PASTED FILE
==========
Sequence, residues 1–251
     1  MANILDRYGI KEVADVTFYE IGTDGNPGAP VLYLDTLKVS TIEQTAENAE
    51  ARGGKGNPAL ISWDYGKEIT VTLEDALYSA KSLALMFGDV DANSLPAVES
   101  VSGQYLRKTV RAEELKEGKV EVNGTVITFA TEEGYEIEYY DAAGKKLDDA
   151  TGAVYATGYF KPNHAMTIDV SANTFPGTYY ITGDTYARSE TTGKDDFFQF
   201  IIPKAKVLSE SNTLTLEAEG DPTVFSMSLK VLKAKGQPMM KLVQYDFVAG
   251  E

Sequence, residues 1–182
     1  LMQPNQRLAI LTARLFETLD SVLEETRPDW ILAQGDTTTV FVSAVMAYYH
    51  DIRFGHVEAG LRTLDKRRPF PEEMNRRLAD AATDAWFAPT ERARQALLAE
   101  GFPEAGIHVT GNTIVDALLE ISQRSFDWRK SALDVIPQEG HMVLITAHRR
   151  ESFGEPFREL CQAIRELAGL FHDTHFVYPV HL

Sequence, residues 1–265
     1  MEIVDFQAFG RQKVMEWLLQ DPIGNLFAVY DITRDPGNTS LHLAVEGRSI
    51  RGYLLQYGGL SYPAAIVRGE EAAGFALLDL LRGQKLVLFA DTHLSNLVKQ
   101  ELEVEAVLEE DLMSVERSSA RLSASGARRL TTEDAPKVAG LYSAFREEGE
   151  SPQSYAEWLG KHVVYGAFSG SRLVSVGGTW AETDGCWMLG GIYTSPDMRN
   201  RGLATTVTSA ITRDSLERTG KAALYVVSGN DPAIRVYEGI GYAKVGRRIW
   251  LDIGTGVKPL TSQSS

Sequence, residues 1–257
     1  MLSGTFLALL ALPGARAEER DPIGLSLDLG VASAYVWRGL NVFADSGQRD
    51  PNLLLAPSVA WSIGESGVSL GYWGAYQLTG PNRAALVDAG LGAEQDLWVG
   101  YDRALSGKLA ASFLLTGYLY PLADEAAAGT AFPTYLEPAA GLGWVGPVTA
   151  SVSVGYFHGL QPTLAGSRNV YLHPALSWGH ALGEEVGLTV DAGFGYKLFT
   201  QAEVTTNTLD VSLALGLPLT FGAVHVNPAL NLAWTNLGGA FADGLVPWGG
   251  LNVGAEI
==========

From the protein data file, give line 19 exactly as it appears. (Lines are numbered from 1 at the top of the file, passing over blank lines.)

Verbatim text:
   251  LDIGTGVKPL TSQSS